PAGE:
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Saturday Is the Day of the Death of Twitter's Blue Check

AP Photo/Jeff Chiu

Amid the death of the American republic, the death of Twitter’s blue check is comparatively trivial, but there are certain parallels: both our republic and the blue check are examples of things that used to mean one thing and now mean quite another, while retaining the appearance of being what they originally were. The New York Times reported Friday that “starting on Saturday, many Twitter accounts will lose the check mark under modifications being made by Elon Musk, the social media company’s owner.”

Now, if you want a blue check, all you have to do is shell out eight bucks a month, or an eyebrow-raising thousand bucks a month if you’re an organization, and one will magically appear on your account. But why anyone would want to pay a penny for such a thing remains a mystery. It would be like being proud of getting an award from Old Joe Biden’s enforcement arm, the FBI.

“The blue check mark on Twitter has long conferred a special status,” says the Times, but exactly what kind of special status was conferred has shifted over time. Originally, the old pre-Elon Musk Twitter regime devised the blue check to signify public figures. Many people were impersonating celebrities and other notable people, and so the blue checkmark was a service to help readers distinguish the real famous person from all the fakes. When that was the case, the checkmark actually was a certain mark of distinction, albeit a staggeringly minor one, as it indicated that here was someone who had actually achieved something in life and was noteworthy in some way.

The old Twitter regime quickly began to muddy the waters, however, by confiscating the blue check from people who dissented from the Left’s agenda. One of the first to lose the mark, back in 2016, was the old right-wing gadfly and fame-seeker Milo Yiannopoulos, who shortly thereafter was banned from Twitter altogether (and belying his promises of open discourse, by the way, Free-Speech Musk has not restored Milo’s account). Was Milo no longer a notable person? He may not be now, but he still was then; Twitter, however, had begun to treat its blue checkmark as some sort of badge of honor rather than a simple device to discern a real famous person from impersonators. This coincided with the growing popular notion that the thing was some kind of award.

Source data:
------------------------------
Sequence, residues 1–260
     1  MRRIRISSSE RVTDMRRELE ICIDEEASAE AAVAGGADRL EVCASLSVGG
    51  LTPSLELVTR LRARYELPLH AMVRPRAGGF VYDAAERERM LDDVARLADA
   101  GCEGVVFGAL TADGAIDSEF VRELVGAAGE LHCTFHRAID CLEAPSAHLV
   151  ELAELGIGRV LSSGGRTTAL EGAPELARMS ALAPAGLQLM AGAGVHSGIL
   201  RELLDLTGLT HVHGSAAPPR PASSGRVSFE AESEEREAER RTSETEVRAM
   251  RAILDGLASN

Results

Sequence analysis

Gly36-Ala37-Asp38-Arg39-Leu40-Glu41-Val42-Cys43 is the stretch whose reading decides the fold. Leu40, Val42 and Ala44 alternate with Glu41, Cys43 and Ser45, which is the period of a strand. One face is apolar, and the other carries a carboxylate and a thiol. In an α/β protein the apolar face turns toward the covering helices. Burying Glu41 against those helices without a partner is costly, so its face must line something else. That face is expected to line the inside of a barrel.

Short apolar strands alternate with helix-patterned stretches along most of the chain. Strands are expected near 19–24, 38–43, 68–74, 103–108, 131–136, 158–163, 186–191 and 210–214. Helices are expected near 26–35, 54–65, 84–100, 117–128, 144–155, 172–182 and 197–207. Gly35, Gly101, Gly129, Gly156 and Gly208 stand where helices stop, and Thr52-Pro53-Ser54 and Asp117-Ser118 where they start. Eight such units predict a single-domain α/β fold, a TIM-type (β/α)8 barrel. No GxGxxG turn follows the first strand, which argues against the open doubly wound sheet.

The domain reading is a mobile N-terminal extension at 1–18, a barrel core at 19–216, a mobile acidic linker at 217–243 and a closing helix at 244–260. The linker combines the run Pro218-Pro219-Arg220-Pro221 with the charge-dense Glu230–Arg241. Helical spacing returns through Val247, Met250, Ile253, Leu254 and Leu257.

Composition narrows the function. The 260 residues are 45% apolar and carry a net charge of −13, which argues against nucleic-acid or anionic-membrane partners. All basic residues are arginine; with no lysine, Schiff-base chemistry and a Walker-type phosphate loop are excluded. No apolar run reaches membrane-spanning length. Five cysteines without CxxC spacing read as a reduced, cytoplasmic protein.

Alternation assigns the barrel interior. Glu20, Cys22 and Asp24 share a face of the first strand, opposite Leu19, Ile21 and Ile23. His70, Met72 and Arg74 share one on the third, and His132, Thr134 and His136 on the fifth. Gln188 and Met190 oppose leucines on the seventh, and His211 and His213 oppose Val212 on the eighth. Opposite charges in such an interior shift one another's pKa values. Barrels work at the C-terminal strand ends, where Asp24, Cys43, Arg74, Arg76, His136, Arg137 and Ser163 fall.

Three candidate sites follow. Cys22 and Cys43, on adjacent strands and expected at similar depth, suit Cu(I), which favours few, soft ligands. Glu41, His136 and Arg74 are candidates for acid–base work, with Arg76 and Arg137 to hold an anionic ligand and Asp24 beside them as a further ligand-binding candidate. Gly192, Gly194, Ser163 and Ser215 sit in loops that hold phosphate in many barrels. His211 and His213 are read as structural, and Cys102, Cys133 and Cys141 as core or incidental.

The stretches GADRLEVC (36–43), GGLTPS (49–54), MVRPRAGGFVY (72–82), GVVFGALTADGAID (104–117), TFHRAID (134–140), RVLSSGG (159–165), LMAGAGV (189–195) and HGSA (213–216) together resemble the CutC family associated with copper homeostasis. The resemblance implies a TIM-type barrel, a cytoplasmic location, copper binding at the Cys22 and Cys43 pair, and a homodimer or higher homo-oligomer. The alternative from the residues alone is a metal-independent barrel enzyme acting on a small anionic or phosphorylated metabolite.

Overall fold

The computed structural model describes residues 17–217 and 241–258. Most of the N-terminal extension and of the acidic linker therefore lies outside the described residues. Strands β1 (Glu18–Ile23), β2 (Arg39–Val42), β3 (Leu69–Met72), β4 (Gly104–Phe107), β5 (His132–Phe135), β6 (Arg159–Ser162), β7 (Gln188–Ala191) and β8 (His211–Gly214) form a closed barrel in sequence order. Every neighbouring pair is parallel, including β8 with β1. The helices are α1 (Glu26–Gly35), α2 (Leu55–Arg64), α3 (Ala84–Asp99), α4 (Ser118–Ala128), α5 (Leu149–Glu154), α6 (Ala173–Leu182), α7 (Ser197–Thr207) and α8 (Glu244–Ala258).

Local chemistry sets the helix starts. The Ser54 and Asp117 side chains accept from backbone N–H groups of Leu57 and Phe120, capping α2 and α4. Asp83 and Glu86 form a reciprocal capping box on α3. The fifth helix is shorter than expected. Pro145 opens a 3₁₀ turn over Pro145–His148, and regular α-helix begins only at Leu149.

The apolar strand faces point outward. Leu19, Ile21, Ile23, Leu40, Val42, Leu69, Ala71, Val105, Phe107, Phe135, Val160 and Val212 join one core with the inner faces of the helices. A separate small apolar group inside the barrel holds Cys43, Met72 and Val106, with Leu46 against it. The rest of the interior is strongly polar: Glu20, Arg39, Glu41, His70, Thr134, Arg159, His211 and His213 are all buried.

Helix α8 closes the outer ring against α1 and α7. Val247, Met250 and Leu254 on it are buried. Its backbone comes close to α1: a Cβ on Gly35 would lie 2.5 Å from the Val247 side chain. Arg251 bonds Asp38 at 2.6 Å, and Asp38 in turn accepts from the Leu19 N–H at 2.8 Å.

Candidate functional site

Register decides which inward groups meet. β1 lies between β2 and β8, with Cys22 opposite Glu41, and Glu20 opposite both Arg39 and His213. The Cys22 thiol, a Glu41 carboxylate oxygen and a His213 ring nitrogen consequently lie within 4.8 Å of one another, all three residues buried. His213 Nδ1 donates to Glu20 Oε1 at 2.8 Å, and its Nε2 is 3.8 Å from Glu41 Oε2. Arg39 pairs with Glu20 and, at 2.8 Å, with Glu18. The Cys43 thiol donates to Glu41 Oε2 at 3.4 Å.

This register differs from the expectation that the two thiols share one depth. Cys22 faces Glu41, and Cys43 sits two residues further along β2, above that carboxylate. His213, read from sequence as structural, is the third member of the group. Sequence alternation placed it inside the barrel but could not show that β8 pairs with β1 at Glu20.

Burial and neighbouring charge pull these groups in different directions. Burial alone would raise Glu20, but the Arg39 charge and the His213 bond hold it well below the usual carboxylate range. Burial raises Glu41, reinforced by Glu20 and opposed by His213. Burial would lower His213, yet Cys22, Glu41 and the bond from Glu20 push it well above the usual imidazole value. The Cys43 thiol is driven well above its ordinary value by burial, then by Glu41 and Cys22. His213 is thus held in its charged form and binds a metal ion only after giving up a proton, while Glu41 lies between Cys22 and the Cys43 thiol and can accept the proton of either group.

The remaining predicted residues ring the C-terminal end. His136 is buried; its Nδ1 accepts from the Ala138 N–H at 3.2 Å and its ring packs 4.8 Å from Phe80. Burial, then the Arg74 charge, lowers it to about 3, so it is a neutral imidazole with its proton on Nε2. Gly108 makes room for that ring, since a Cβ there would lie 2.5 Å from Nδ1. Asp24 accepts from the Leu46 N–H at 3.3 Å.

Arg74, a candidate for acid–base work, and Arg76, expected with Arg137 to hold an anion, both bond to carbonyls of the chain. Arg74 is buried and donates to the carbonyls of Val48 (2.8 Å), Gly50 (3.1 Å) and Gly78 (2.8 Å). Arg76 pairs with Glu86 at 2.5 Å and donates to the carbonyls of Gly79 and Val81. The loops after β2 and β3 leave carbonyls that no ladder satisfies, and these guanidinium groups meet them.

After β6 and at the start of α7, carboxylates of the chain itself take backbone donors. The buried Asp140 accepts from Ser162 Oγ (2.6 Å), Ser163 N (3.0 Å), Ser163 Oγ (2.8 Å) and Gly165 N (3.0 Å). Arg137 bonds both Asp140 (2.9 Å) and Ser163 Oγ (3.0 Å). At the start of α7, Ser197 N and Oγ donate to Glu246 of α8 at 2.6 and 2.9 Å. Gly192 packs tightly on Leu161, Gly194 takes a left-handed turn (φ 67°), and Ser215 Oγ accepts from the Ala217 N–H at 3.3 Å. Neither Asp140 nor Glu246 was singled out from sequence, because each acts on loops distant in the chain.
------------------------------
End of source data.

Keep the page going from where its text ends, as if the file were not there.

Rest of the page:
What it really amounted to, however, was an early means of social control. Now the social media giants are widely known for stifling patriotic voices and those of other dissidents from the Leftist establishment line. In 2016, however, all that was just beginning, and one of the first efforts to try to corral people into being afraid to express disagreement with the political and media elites was the bestowal and withholding of the blue check based on one’s expressed opinions. The withholding of the blue check from Milo and others was clearly intended to have a chilling effect, to make people think “I better toe the line, or I could lose my blue checkmark as well.”

Related: Hey Elon, What Happened to the Free Speech You Promised Us?

Now Musk has further confused the situation, and in the very act of charging for his blue check, rendered it absolutely worthless. Starting Saturday, the blue check doesn’t mean that the person who has it is notable in any way. Nor does it enable people to distinguish a famous person from impersonators. The Times warns that under the new arrangements, “it may become harder for most users to discern real people from phony accounts. If check marks are removed from the accounts of celebrities who are unwilling to pay for Blue, for example, it could become difficult to distinguish their accounts from impersonators.” But the blue check mark itself doesn’t mean anymore that someone is real and not a phony. All the blue check means now is that someone has plunked down eight dollars a month.

Why anyone would care to do that, Mr. Musk has not deigned to explain, any more than he has explained why he has so spectacularly retreated from his promises of free speech. Musk is apparently losing money on Twitter; the Times notes that he “said Twitter is now worth about $20 billion, according to an email he sent to employees, a significant drop from the $44 billion that he paid to buy the company in October.” Maybe Twitter will end up dying. Considering that it is still not a platform that allows free and fair access to dissident accounts, after multiple promises from Musk and some heady whiffs of freedom in the early days of his ownership, it would not be mourned.

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